Top 10 bars and pubs in literature
A magical London boozer and a murderous coastal inn are just two of the listings in our selection of the top bars and pubs in literature.
Over the ages, literary luminaries have paid homage to the humble watering hole, both fictitious and real.
Whether to offer a social comment on the degenerate and immoral human condition, or to give some light comedic relief, bars and pubs have been represented in various different ways in the literary canon.
We select everything from a sinister bar used to mask murder to a few magical and enchanting watering holes where some of the century’s best-loved fantasy characters wet their whistles.
A number of real-life bars loved and referenced by authors also make an appearance on this list, notably venues frequented by notorious boozer and literary genius Ernest Hemingway.
Click through the following pages to see our pick of the top 10 bars and pubs in literature.
The Dingo – The Moveable Feast, Ernest Hemingway
Featured in eminent writer Ernest Hemingway’s memoir The Moveable Feast, The Dingo, otherwise known as The Dingo American Bar and Restaurant, was a bar frequented by Hemingway along with other literary luminaries in the early 20th Century. Opened in 1923 in Montparnasse Quarter of Paris, the bar was a popular haunt among artists and writers and was the place where Hemingway met fellow famed contemporary F. Scott Fitzgerald in 1925, just a few weeks after the publication of his classic novel The Great Gatsby.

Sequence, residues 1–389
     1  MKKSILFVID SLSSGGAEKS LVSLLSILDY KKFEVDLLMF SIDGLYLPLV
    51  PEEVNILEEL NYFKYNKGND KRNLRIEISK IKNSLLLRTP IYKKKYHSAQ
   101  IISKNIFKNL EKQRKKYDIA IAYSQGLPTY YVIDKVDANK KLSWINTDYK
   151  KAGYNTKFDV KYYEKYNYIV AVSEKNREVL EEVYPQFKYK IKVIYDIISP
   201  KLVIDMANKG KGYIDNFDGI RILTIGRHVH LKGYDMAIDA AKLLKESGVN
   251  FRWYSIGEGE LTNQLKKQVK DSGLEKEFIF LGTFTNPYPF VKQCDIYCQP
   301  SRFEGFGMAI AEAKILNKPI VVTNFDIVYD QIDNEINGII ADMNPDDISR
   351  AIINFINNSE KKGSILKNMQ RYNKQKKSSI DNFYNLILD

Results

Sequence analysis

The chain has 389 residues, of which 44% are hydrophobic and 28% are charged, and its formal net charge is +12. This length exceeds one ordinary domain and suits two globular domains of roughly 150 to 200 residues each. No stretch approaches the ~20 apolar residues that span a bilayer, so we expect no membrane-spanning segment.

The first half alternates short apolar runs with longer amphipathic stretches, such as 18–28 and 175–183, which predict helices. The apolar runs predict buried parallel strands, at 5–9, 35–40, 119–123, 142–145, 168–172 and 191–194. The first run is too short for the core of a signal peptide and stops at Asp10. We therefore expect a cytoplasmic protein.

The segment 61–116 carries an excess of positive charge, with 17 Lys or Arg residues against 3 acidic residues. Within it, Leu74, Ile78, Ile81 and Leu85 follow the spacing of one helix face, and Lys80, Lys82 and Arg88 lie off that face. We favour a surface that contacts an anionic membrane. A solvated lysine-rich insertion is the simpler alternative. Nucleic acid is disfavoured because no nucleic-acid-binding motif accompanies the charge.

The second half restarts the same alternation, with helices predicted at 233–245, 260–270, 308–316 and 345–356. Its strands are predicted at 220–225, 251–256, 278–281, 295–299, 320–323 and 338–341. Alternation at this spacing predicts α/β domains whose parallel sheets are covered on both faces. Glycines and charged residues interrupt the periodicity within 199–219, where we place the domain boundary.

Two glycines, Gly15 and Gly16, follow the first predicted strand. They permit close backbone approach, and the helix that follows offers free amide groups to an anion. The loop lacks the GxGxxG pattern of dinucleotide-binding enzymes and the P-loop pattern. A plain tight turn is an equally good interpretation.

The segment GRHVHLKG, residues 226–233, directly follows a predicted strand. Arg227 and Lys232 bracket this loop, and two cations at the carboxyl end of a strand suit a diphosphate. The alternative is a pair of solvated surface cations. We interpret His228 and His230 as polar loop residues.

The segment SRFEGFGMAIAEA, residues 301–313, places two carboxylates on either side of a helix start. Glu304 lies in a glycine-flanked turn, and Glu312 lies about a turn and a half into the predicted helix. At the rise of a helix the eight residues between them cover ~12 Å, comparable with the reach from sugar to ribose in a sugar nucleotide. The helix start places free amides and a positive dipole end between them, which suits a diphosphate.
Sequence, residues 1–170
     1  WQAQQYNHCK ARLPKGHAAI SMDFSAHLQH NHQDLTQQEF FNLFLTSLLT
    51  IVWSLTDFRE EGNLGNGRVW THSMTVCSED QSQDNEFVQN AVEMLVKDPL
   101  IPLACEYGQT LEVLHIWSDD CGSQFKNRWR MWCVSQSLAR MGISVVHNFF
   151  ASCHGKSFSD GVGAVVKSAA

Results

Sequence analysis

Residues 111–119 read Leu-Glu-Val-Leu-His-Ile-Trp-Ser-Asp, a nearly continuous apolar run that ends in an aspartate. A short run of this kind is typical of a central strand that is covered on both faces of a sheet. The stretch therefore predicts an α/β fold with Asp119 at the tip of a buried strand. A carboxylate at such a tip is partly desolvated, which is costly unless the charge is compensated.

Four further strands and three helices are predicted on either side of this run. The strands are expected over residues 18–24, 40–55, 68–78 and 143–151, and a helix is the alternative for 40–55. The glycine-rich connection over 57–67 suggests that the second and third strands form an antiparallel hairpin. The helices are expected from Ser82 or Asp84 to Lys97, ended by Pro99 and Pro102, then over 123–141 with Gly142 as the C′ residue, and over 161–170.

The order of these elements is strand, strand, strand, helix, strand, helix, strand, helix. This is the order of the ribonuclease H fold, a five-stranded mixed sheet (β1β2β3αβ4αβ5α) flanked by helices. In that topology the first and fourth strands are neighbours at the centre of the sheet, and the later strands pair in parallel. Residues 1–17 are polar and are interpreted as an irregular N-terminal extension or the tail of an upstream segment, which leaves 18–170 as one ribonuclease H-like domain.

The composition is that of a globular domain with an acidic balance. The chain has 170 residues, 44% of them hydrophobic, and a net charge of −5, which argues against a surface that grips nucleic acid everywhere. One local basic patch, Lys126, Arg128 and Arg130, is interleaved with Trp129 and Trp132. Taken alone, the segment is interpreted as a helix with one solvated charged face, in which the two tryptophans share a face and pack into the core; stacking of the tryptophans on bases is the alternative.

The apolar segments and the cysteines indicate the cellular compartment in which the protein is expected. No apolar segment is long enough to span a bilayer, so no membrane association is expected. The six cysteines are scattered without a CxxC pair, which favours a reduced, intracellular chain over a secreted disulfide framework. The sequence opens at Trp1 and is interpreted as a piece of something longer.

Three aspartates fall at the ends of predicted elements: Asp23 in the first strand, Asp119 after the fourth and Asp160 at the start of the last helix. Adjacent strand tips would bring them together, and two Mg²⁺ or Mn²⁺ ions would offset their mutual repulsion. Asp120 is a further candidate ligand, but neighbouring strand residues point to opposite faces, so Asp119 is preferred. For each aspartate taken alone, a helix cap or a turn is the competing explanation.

The Farolito – Under the Volcano, Malcolm Lowry
English writer Malcolm Lowry imagined fictional bar The Farolito in his 1947 work Under the Volcano, largely considered one of the literary masterpieces of the 20th Century. The novel follows the last day of ex-consul, alcoholic Geoffrey Firmin on the “Day of the Dead” in the decaying Mexican town of Quauhnahuac as he embarks on a mission of self-annilhilation, aided by downing copious mezcal in The Farlito, a bar located in the shadows of volcano Popocatepetl. The book was later adapted in to a film starring Albert Finney (pictured) in 1984.
Lantenengo Country Club smoking room – Appointment in Samarra, John O’Hara
Ranked as one of the top 100 books of the 20th Century, Appointment in Samara, the first novel ever published by Irish American writer John O’Hara published in 1934, charts the eventual self-desteruction of unsalvageable protagonist Julian English. The smoking room at the Lantengo Country Club aids this process by offering vast amounts of rye whisky. “It was not poisonous, and it got you tight, which was all that was required of it and all that could be said for it,” said the ill-fated English, who eventually committed suicide by carbon monoxide poisoning.
Cervecería Alemana – The Sun Also Rises, Ernest Hemingway
First opened in 1904, Madrid’s Cervecería Alemana was another real-life bar frequented by notorious drinker Ernest Hemingway, who is as famous for his wayward lifestyle as his literary genius. Having spent a considerable amount of time in Madrid, which he referred to as “the most Spanish of all cities”, Hemingway found that one of his favourite haunts was beer hall Cervecería Alemana, which made an appearance at the end of his novel The Sun Also Rises, which charts the journey of a group of American and British expatriates who travel from Paris to Spain’s Festival of San Fermín. The bar remains popular to this day.